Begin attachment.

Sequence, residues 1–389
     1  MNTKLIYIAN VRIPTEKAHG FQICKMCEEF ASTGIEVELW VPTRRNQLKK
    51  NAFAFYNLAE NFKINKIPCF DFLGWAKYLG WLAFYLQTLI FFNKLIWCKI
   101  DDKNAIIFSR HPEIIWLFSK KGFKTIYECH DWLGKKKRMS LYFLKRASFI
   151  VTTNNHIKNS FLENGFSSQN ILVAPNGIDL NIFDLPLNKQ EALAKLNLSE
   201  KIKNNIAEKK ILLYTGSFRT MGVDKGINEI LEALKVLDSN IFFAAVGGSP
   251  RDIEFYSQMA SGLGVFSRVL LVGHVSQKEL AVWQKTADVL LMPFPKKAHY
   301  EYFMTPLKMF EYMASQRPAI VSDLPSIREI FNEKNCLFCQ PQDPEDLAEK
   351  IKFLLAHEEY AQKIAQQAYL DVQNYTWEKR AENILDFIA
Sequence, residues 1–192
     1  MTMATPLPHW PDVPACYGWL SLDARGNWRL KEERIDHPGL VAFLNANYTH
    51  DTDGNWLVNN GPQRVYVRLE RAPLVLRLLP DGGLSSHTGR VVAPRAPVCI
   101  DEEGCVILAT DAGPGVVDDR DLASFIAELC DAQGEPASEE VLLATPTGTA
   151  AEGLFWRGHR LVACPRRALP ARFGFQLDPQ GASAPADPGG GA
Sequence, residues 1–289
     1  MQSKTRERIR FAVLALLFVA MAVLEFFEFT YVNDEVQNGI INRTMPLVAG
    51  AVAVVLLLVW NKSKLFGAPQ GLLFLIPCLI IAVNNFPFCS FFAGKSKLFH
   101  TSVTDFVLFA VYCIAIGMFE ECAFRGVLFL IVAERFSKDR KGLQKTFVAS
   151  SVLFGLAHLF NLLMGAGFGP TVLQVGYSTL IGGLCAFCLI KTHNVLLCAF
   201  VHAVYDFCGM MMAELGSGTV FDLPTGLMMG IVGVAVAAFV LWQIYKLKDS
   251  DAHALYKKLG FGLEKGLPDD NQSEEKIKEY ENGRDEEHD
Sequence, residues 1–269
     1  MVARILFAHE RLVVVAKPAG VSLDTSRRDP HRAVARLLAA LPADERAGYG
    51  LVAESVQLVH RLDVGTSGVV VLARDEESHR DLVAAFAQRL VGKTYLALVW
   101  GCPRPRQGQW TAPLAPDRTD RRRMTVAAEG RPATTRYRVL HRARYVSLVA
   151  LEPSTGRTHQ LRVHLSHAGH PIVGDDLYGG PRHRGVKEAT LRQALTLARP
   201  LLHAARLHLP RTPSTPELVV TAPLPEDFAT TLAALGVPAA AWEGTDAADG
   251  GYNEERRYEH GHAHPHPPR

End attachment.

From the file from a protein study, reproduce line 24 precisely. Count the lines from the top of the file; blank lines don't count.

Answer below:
    51  LVAESVQLVH RLDVGTSGVV VLARDEESHR DLVAAFAQRL VGKTYLALVW